A prairie sanctuary and a northern treasure
Saskatchewan has two national parks: Prince Albert National Park of Canada, in the north central region of the province, and Grasslands National Park of Canada in the southwest.
Grasslands National Park of Canada, located in southwest Saskatchewan, is a sanctuary where you can see some of the last untouched prairie grasses in North America. The amazing scenery includes rolling grasslands, weathered cliffs, deep coulees and mysterious badlands. A wide variety of wildlife provides opportunities to spot white-tailed deer, mule deer, pronghorn antelope, and golden eagles. Endangered and threatened species include sage grouse, ferruginous hawks, short-horned lizards and burrowing owls.
In the Frenchman River Valley, the magnificent bison graze peacefully while you listen for the "barking" of the black-tailed prairie dogs. This is the only place in Canada where these colonies are found in their natural habitat. The Badlands are a geological and paleontological paradise.
At the Visitor Centres you'll find displays, brochures and knowledgeable interpretive staff with information on programs, special events and safety. The West Block Visitor Center is located in Val Marie and the East Block Visitor Center is located in the Rock Creek Campground.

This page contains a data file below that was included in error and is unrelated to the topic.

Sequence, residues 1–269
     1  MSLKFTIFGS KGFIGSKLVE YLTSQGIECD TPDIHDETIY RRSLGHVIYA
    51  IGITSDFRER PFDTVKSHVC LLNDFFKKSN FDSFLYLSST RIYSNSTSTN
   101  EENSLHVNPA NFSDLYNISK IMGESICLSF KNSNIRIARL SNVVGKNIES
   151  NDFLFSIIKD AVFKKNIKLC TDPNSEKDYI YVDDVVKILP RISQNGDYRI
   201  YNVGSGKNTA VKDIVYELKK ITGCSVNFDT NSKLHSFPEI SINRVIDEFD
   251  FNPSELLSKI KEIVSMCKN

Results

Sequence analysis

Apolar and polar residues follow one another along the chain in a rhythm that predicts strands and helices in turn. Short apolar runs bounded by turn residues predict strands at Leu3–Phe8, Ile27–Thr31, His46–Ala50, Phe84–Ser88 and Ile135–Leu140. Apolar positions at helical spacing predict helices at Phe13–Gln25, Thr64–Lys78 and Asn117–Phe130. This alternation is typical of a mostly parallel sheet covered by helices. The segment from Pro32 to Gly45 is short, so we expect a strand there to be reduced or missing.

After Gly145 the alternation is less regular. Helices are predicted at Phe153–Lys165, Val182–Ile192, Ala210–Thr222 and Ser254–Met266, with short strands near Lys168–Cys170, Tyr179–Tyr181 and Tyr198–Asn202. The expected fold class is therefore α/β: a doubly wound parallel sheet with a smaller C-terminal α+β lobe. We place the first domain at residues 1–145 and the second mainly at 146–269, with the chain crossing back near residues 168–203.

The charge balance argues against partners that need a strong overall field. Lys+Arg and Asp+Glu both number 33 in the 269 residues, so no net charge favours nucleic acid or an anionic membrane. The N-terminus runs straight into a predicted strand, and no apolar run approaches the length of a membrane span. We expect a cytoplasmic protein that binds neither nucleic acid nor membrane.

Other activites at Grasslands National Park include geocaching, guided and unguided hiking, and the kids Xplorer program.
Prince Albert National Park is one of Saskatchewan’s most popular four-season destinations, a place where you can mix northern wilderness encounters with the comforts of a lakeside resort. The park covers 388,000 hectares/one million acres in an area of transition from aspen parkland to boreal forest that includes some 1,500 lakes and streams.
Wildlife in the park reflects the changing habitat. Moose, wolves and caribou inhabit the northern forests while elk, deer and badgers inhabit the southern parkland region. Bison roam freely in the southwest corner of the park, where pockets of fescue grassland can be found. This herd is one of only two such herds protected within a Canadian national park.
The Town of Waskesiu, within Prince Albert National Park, has a range of accommodations and services plus two major campgrounds. Campgrounds with varying levels of services can be found in outlying areas in a variety of settings. With a backcountry permit, visitors can hike or canoe and camp in remote reaches of the park, or visit the log cabin of the world’s most celebrated naturalist of the 1930’s – Grey Owl.